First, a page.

The first speaker of the night was Gabriel Straub, the Head of Data Science from Tesco. The content of his talk was remarkably similar to some of mine as he talked about how to incorporate agile methodologies such as Scrum or Kanban into a research team. I am not going to explain what these techniques are because there are hundreds of great sources of information for this in the internet. Nonetheless, I want to focus on one point that Gabriel mentioned in his talk: Agile methodologies are based on some common assumptions which hold in the majority of cases for development teams:
- The team has one common skill set, so every developer can take responsibility for any task if needed.
- Every story has a clearly defined goal and direction (i.e., user acceptance criteria)
However, neither of these applies directly to research teams where there are multiple skill sets (e.g., network analysis vs search engine expertise) and no clear direction nor an indication of the feasibility for some tasks. For instance, “Improving the quality of the recommendation part of the system” is a task that might be infeasible; however, that information would be available only after, or at least during, the processing of the ticket. Other stories are even more abstract, especially those related to data or exploratory analysis where we are actually looking for questions to ask, rather than answers. Gabriel went on explaining two concepts that are also a pivotal part of my research team:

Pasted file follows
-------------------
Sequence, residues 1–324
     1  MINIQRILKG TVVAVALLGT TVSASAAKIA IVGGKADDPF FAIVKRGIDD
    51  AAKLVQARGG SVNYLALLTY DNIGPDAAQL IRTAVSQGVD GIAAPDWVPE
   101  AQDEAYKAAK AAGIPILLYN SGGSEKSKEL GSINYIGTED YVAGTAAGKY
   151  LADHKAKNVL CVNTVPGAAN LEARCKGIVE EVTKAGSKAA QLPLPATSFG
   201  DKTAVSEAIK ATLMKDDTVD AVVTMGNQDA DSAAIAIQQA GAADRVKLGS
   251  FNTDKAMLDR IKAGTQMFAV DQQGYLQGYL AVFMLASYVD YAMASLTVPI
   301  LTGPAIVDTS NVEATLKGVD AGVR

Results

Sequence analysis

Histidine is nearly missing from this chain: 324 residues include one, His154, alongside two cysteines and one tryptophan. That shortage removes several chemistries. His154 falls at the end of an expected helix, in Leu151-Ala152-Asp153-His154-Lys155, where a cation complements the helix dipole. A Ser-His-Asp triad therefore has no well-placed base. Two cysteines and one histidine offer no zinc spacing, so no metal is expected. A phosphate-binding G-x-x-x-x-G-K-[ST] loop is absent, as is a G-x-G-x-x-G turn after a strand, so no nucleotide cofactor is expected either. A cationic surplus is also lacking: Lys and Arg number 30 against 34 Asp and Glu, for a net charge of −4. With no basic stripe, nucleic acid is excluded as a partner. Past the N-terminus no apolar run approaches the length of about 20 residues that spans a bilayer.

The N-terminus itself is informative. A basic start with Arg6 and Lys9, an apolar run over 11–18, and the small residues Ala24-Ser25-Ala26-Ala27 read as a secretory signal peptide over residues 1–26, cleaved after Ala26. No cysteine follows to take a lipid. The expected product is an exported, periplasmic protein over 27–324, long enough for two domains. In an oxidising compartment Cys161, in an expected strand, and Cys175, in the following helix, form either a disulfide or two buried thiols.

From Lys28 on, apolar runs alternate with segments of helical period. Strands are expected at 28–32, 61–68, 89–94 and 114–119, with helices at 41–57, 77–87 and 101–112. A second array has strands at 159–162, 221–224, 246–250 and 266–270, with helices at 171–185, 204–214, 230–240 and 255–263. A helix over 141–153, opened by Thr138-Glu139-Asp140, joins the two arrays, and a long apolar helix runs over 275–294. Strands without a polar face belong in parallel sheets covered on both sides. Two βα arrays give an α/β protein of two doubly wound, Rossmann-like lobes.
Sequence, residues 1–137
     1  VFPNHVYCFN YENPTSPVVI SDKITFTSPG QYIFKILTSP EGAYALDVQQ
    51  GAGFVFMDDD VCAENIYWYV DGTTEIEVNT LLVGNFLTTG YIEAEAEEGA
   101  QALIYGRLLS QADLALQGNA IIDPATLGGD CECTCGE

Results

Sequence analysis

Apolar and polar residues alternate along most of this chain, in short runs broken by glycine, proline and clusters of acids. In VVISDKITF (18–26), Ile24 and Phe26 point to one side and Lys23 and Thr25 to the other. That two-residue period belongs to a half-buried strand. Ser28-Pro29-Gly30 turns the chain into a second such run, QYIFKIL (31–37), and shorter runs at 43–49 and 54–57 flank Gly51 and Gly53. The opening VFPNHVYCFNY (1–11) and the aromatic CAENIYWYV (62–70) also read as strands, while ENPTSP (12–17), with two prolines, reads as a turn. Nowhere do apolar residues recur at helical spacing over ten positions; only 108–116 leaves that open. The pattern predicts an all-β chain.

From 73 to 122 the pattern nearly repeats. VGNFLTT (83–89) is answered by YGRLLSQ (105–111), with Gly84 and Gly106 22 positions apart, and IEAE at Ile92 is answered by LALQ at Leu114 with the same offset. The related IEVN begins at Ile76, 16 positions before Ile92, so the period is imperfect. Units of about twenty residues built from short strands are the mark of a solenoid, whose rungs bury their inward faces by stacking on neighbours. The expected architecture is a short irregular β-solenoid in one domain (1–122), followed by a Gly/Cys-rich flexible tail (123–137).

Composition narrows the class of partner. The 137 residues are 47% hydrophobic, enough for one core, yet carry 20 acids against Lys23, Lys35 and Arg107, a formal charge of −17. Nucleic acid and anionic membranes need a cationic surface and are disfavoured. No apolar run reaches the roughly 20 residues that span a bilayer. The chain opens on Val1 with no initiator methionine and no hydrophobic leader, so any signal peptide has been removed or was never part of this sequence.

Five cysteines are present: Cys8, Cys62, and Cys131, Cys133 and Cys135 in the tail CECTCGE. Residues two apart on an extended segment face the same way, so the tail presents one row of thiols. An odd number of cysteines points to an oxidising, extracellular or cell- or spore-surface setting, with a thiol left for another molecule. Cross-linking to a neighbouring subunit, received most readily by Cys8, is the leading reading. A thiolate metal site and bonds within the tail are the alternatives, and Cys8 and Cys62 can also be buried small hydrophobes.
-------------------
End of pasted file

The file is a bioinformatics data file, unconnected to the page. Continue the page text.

- Test quick and kill early: Quick proof of concepts are the best way to know if it is worth or not pursuing a specific line of research in more depth.